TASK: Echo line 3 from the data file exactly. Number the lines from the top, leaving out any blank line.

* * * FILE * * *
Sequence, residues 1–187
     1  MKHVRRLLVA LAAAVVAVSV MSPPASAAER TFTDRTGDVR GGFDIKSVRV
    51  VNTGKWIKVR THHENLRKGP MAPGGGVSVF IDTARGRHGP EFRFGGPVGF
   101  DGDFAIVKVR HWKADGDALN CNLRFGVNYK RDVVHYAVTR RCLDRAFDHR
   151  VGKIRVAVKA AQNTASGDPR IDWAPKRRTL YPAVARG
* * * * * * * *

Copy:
    51  VNTGKWIKVR THHENLRKGP MAPGGGVSVF IDTARGRHGP EFRFGGPVGF